NEW YORK -- Mayor Michael Bloomberg said Monday he'll veto a
bill passed last month to outlaw metal bats from high school
baseball in the nation's largest school system, which some believe
would make the game safer.
"I don't know whether aluminum bats are more dangerous or less
dangerous," Bloomberg said. "But I don't think it's the city's
business to regulate that."
It appeared, however, that the New York City Council would have
enough votes to override a veto. The bill passed last month 40-6,
so it likely has support for the necessary two-thirds majority. The
council is expected to take it up this month.
Sponsors of New York City's bill say that non-wood bats make
faster and harder hits, and that this can be dangerous for young
players in the path of the balls. Some say they can be injured
because they have less time to react.
Opponents of the City Council's measure, including Little League
Baseball and sporting goods makers, say there is no scientific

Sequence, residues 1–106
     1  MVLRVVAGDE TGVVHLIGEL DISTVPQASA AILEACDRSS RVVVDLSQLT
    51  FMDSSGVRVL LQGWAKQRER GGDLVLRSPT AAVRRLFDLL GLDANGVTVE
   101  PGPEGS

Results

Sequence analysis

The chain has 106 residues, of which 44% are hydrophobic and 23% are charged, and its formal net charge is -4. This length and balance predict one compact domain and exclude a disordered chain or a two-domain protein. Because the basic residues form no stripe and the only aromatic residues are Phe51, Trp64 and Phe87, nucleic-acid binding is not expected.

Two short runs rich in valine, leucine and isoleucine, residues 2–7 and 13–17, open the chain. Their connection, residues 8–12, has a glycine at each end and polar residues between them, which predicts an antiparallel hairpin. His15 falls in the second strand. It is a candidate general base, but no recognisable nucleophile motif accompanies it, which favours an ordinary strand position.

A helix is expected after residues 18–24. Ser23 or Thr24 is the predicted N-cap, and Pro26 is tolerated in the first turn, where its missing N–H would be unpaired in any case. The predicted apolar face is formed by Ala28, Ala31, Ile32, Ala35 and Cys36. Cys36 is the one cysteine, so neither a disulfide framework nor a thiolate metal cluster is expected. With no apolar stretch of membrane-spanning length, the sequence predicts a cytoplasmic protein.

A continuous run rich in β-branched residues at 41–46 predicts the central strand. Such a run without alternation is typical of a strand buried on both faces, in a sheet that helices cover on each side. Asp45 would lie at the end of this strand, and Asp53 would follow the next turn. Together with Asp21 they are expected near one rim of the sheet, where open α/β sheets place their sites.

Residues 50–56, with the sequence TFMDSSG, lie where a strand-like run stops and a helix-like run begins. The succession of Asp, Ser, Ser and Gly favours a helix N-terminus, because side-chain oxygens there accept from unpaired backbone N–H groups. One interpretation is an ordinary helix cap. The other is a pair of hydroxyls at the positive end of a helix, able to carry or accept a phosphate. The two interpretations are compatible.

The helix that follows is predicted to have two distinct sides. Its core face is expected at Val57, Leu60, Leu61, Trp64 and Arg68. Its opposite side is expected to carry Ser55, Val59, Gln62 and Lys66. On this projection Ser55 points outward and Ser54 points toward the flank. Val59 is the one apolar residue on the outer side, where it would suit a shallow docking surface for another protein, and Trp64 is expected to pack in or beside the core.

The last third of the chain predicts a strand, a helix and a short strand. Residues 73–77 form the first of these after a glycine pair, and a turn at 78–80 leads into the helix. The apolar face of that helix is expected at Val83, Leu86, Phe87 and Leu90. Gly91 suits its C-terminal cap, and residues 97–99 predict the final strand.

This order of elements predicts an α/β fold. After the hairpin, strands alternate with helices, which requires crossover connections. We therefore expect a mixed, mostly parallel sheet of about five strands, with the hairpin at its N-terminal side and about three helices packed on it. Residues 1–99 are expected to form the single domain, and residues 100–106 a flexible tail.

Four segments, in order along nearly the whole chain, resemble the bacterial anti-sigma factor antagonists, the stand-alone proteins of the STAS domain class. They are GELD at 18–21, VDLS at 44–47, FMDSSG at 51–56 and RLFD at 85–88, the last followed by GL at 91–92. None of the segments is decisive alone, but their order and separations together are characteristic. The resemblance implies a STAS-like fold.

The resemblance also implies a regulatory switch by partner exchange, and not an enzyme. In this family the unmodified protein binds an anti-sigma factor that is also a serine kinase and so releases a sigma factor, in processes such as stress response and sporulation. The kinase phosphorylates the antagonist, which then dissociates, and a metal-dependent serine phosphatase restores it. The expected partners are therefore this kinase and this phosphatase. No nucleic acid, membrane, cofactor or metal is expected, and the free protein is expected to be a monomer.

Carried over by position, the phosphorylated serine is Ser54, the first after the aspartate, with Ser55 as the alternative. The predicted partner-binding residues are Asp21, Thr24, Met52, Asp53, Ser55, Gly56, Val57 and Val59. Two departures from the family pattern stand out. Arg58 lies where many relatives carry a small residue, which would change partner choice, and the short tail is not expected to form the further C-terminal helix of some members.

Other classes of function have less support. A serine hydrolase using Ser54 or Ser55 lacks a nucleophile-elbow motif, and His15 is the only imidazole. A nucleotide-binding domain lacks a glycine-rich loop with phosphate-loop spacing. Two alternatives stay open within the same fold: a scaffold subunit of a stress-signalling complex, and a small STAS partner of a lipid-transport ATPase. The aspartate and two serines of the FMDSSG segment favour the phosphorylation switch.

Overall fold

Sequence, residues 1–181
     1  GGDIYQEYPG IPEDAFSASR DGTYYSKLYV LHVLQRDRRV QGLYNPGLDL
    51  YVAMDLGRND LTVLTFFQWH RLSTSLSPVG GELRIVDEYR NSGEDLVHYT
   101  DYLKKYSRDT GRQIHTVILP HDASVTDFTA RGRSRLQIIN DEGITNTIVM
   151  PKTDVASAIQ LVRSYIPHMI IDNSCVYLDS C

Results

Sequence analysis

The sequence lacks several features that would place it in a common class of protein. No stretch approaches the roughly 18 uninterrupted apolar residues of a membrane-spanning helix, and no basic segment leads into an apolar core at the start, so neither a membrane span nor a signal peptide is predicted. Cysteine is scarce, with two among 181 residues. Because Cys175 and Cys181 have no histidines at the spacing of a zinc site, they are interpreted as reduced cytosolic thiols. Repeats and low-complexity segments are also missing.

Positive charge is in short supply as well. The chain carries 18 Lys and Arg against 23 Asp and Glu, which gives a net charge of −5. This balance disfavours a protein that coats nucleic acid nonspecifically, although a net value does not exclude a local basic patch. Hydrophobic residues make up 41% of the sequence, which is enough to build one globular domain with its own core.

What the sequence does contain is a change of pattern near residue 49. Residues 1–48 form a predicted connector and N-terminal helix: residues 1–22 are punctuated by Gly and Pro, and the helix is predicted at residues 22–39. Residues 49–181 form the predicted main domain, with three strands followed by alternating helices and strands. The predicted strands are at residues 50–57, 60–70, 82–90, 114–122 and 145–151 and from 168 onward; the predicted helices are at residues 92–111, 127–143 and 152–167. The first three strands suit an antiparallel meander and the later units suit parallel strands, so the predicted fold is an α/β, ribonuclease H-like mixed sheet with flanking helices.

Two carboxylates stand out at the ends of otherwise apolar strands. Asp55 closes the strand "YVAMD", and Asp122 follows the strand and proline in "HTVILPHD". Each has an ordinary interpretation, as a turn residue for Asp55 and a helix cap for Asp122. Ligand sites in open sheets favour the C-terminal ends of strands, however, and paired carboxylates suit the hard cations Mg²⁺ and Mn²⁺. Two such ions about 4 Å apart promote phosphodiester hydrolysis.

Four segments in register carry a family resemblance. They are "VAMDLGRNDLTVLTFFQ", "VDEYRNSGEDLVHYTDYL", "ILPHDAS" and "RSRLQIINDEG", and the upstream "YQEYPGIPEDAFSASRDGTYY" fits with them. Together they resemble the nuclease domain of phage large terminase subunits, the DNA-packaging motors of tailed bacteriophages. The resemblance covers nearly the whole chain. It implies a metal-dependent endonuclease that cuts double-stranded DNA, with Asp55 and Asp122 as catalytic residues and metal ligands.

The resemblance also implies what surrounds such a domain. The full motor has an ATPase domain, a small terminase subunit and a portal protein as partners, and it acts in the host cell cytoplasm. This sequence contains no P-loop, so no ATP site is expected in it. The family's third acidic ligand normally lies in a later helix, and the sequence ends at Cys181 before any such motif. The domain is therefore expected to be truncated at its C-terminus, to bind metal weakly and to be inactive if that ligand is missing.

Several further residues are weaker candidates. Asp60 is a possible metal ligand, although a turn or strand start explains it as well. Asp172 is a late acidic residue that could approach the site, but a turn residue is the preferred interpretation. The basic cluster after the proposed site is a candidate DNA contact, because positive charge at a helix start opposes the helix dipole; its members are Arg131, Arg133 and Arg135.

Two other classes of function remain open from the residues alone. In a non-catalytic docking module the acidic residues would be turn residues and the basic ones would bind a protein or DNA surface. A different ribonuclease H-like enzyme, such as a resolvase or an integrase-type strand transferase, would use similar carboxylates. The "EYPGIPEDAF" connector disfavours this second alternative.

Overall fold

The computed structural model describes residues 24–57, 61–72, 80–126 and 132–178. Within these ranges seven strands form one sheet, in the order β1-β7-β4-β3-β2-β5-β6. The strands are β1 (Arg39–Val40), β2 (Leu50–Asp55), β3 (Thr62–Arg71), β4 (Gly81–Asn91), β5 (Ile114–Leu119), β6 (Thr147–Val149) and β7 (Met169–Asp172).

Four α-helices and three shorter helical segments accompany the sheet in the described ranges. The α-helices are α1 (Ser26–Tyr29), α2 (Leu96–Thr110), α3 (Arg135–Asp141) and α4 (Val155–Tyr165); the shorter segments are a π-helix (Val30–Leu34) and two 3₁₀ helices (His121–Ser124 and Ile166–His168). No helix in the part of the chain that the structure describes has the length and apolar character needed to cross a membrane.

evidence proving metal bats pose more of a risk. They say the
anti-metal movement relies on emotional anecdotes over concrete
data, and some have indicated they will take the matter to court.
The question has been debated for about as long as metal bats
have been in use since the 1970s. In 2005, an American Legion
Baseball study found no substantial scientific proof to support the
argument that wooden bats are safer than metal bats.
Councilman Lewis Fidler, a co-sponsor of the measure, said
Monday that city officials "are responsible for the health and
safety of these kids."
"If not us, then who?" he said.
Bloomberg said the decision about which type of bats to use
should be left to those in charge of youth leagues, and not
"There are risks in everything," he said. "We want to reduce
the risks as much as possible -- we don't want to destroy tradition
of the game, but that's up for the people running the sports."
He said professional players have called him and argued both
sides of the case.
While the measure was being considered by the council, former
New York Mets relief pitcher John Franco testified in support of
the ban, while Yankees starting pitcher Mike Mussina came out
Little League praised the mayor on Monday in a statement from
president and CEO Stephen D. Keener.
"We applaud Mayor Bloomberg for concluding that the governing
organizations of youth baseball should be the ones to assess safety
issues in their sport and govern accordingly," he said.